Federal health officials report that across the nation, the level of flu activity related to the H1N1 virus has dropped for the fourth week in a row. This indicates that the second wave of the pandemic in the United States has peaked. Thomas Skinner, spokesman for the Centers for Disease Control and Prevention in Atlanta, confirms that it's certainly on the downward slope of the curve. Officials still caution cases could surge again.
"We're far from being out of the woods. There's still a lot of flu out there," Skinner said. "And we wouldn't be surprised to see another up-tick in activity as we approach the end of December and beginning of January, when kids come back from Christmas break."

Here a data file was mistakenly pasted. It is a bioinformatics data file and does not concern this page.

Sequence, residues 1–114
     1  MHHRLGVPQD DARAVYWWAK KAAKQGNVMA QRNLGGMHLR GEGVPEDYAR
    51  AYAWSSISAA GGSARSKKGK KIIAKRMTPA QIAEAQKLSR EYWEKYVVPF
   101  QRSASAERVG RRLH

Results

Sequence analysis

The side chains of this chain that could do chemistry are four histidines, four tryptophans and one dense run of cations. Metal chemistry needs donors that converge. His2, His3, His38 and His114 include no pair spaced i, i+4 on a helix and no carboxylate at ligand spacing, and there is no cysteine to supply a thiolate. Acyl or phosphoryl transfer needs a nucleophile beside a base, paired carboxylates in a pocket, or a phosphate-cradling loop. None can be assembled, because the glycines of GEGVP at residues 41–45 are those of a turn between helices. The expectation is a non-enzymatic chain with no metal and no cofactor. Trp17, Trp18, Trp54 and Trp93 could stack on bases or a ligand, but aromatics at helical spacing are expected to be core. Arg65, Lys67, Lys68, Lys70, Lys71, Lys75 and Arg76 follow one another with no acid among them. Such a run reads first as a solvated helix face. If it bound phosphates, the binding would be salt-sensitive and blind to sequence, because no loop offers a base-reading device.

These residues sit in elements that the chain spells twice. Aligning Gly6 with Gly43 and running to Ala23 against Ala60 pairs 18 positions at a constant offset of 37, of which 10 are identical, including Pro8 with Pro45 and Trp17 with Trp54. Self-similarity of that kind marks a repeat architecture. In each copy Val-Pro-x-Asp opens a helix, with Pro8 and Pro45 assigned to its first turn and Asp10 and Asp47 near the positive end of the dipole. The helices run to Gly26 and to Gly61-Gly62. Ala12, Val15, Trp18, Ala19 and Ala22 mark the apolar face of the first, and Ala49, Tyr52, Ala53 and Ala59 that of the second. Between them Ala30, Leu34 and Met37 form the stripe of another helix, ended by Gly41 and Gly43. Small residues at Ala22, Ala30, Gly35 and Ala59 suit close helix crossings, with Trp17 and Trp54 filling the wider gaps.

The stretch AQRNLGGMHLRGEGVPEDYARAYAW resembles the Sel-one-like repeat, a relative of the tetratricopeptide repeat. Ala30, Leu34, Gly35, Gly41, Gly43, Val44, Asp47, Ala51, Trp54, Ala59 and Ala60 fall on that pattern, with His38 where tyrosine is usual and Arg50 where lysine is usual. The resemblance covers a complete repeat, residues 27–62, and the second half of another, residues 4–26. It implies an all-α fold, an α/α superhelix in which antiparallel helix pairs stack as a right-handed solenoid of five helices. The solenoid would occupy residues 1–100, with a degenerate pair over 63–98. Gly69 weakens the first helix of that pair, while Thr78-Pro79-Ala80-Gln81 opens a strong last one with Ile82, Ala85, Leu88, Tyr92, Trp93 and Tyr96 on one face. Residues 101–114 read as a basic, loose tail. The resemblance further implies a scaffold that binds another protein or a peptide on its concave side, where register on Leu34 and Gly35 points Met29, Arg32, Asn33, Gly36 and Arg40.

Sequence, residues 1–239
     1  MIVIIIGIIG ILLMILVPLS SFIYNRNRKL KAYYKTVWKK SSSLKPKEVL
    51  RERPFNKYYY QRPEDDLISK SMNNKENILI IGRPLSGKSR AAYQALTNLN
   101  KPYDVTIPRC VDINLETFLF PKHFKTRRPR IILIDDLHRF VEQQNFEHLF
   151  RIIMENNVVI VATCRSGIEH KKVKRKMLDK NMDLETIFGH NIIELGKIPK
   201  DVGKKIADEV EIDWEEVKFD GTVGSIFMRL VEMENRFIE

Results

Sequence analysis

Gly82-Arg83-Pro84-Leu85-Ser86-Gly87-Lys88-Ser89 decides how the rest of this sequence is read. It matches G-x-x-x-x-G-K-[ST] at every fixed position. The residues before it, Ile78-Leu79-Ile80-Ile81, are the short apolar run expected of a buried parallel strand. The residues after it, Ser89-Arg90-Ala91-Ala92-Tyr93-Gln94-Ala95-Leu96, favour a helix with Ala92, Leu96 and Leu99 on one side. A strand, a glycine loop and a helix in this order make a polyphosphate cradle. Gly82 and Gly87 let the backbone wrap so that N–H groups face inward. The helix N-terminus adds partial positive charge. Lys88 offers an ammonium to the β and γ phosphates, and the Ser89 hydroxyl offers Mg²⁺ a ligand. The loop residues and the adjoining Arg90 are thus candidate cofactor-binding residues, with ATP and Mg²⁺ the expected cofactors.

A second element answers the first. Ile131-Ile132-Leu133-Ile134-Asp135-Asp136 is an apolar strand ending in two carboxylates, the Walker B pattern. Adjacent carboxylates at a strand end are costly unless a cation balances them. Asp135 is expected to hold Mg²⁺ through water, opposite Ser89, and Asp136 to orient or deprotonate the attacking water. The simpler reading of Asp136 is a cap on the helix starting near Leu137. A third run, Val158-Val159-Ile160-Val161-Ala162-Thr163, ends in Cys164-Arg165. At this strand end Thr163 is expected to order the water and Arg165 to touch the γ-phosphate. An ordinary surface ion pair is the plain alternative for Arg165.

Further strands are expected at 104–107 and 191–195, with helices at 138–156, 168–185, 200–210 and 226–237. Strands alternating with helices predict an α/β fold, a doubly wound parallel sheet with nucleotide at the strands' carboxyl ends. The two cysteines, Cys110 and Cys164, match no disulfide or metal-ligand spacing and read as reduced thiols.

Richard Wenzel, an infectious disease specialist at Virginia Commonwealth University predicts that if there is another surge, it will be relatively mild because millions of people have either been exposed to the virus or will have been vaccinated.
On the vaccination front - the first 2009 Novel H1N1 swine vaccine is in use but its distribution is being controlled. Hank Harris, a professor of animal science at Iowa State University, developed the vaccine and has been shipping preventive doses to swine producers in Iowa, Kansas and Illinois for several weeks. He has also shipped the vaccine to a herd in Indiana that had a confirmed diagnosis for the presence of the virus.
The vaccine is being manufactured through Iowa State University. However, Harris says distribution of the drug is limited. It must be prescribed by a licensed vet that has an already-established relationship not only with the buyer but with Harris' company, as well, and the vet must oversee its administration.